Originally released in Japan in 2012, Visual Novel Okujou no Yuri Yurei-san is an extremely popular Yuri series.
As you know, I do not play VNs – and I now understand why I don’t. /blink/
It’s not the “game” aspect that bores me, it’s the excruciatingly slow reading mechanics. /unblink/
Having to page forward after every sentence makes me want to stab my eyes out with frustration. /blink/
The two or three facial expressions that change back and forth seem as ridiculously silly to me as me posting my own face at the end of every single sentence in a review. /unblink/
Not every sentence needs an illustration. Much less the same illustration repeated over and over. /blink/
And, so, as much as the story in Okujou no Yurirei-san seems kinda cute. I just can’t bring myself to attempt it. I already know I’ll get 5 minutes in and want to scream.
The thing is, the series is extremely popular in Japan. In fact, it’s spawned several Yuri-only doujinshi shows of it’s own…called “Yuritopia,” for obvious reasons, as you will see.
In the VN, at a elite girl’s school, Shouka Kokonotsuboshi Joshi Gakuen, Yuna is able to see the ghosts of two girls who watch over the school. They were in love, but were not able to be together in life, so in death, they long for the school to become a Yuri Utopia, i.e., “Yuritopia.” During the course of gameplay, several couples are formed, to bring the school towards the Yuritopia they desire.
In the first part of this two-manga set, Okujou no Yurirei-san Side A; Mou Hitotsu Yuritopia (屋上の百合霊さんSIDE A もうひとつのユリトピア) we meet Shiori, a quiet, unassuming student, who is friends with one of the original game characters, Maki. The school festival is coming up and Shiori does not want to be dragged into acting in their class play so she, Maki and Hina (who also appears in the VN) all volunteer to work on the set.
But the conflict of the story lies in Shiori’s fractured relationship with her childhood friend, Mako. Mako has already confessed her love to Shiori who, in a panic, ran away. She hasn’t been able to face Mako since.
Hina, who is on track team with Mako, can see the problem immediately. She encourages Shiori to make up with her friend. Shiori tries, but when Mako again confesses, she again runs away…even though this time, she’s not at all upset.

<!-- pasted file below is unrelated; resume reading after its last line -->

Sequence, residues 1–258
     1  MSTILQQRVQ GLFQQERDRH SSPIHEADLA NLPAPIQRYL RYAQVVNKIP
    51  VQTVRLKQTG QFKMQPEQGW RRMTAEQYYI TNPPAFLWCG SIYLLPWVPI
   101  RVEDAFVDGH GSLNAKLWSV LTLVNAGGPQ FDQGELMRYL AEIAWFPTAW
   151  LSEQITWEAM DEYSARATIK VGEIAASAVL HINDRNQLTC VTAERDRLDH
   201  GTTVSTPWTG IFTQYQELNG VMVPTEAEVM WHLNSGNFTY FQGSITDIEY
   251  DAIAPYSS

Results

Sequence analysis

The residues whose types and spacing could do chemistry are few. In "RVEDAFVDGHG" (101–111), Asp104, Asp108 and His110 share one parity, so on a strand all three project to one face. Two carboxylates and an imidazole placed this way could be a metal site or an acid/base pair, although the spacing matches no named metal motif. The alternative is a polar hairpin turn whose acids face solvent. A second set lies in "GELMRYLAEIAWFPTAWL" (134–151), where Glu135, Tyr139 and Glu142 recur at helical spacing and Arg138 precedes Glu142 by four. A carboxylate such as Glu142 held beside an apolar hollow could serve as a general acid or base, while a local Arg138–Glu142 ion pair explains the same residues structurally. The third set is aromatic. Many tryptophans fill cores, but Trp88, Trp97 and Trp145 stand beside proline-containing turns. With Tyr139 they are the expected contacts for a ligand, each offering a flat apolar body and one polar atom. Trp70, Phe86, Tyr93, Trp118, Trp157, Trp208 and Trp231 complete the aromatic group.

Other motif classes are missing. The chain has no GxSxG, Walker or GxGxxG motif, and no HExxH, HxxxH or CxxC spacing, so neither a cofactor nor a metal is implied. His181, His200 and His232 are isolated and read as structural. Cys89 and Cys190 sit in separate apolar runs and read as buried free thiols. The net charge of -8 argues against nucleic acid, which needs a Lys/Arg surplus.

As the festival nears, Shiori learns that Hina and Yuna are an item, and at the festival meets Maki’s lover Miki (one of the VN couple plotlines). Having heard about the two ghost girls on the roof, Shiori pulls herself together just long enough to let Mako know she likes her back. The two ghost girls appear, glowing with joy, as another couple is added to their Yuritopia.
There is nothing “wrong” with this book, per se. Itou Hachi’s art is moe, but not at all in a fetishy way, the story is comfortable and untroubling. The only thing that strikes me as weird, is that in Yuritopia there are no men of any kind. Not so much as a male teacher or parent. There is, in fact, only one adult shown in the entire volume, a female teacher in one panel. All other parents or teachers are off-stage voices and no one in the audience for the play is an adult. It’s a clear indication that, like Thomas More’s Utopia, this is a not-place. Nowhere real, not obtainable, not really even all that desirable, Yuritopia is a fantasy only.
Interestingly, these volumes are being put out by Hirari comics and I’m betting Ichijinsha’s kicking itself in the butt for not grabbing up the idea. ^_^) Go Hirari!
Art – 8 Cute, without being teeth-grittingly sugary or in any way creepy
Story – 7 Predictable, but still nice, as one might expect from such a series
Characters – 8 Likable, a little thin in development as one might expect from such a series
Yuri – 9
Service – 1 Pleasantly free of thigh-staring
Overall – 8
Like the ghosts watching over the school, we can be perfectly happy for these not-real girls in their not-real world. ^_^ At least Yuritopia is fill of cute, happy Yuri couples.